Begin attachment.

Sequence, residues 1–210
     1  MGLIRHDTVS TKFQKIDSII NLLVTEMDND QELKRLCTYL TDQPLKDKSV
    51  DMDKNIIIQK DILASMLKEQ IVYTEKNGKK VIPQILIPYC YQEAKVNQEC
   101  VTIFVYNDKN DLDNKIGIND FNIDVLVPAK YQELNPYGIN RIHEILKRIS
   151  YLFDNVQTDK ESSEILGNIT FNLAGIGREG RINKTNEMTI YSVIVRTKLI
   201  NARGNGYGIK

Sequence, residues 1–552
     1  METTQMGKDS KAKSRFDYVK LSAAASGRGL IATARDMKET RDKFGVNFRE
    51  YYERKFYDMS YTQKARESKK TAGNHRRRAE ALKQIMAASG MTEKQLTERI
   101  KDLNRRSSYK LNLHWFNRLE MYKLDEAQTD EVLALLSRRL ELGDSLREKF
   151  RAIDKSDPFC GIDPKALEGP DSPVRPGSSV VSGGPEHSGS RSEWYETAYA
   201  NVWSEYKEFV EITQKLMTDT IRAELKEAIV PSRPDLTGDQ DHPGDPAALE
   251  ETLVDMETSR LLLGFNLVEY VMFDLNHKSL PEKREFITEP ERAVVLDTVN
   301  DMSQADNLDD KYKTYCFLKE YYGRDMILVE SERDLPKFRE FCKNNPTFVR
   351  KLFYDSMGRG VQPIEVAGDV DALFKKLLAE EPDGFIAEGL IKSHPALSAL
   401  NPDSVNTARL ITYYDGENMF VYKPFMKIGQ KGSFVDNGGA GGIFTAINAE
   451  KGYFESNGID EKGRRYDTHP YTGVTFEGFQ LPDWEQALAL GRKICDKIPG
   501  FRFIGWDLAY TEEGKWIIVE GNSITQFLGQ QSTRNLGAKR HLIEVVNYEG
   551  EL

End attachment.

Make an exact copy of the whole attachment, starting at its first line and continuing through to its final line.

Sequence, residues 1–210
     1  MGLIRHDTVS TKFQKIDSII NLLVTEMDND QELKRLCTYL TDQPLKDKSV
    51  DMDKNIIIQK DILASMLKEQ IVYTEKNGKK VIPQILIPYC YQEAKVNQEC
   101  VTIFVYNDKN DLDNKIGIND FNIDVLVPAK YQELNPYGIN RIHEILKRIS
   151  YLFDNVQTDK ESSEILGNIT FNLAGIGREG RINKTNEMTI YSVIVRTKLI
   201  NARGNGYGIK

Sequence, residues 1–552
     1  METTQMGKDS KAKSRFDYVK LSAAASGRGL IATARDMKET RDKFGVNFRE
    51  YYERKFYDMS YTQKARESKK TAGNHRRRAE ALKQIMAASG MTEKQLTERI
   101  KDLNRRSSYK LNLHWFNRLE MYKLDEAQTD EVLALLSRRL ELGDSLREKF
   151  RAIDKSDPFC GIDPKALEGP DSPVRPGSSV VSGGPEHSGS RSEWYETAYA
   201  NVWSEYKEFV EITQKLMTDT IRAELKEAIV PSRPDLTGDQ DHPGDPAALE
   251  ETLVDMETSR LLLGFNLVEY VMFDLNHKSL PEKREFITEP ERAVVLDTVN
   301  DMSQADNLDD KYKTYCFLKE YYGRDMILVE SERDLPKFRE FCKNNPTFVR
   351  KLFYDSMGRG VQPIEVAGDV DALFKKLLAE EPDGFIAEGL IKSHPALSAL
   401  NPDSVNTARL ITYYDGENMF VYKPFMKIGQ KGSFVDNGGA GGIFTAINAE
   451  KGYFESNGID EKGRRYDTHP YTGVTFEGFQ LPDWEQALAL GRKICDKIPG
   501  FRFIGWDLAY TEEGKWIIVE GNSITQFLGQ QSTRNLGAKR HLIEVVNYEG
   551  EL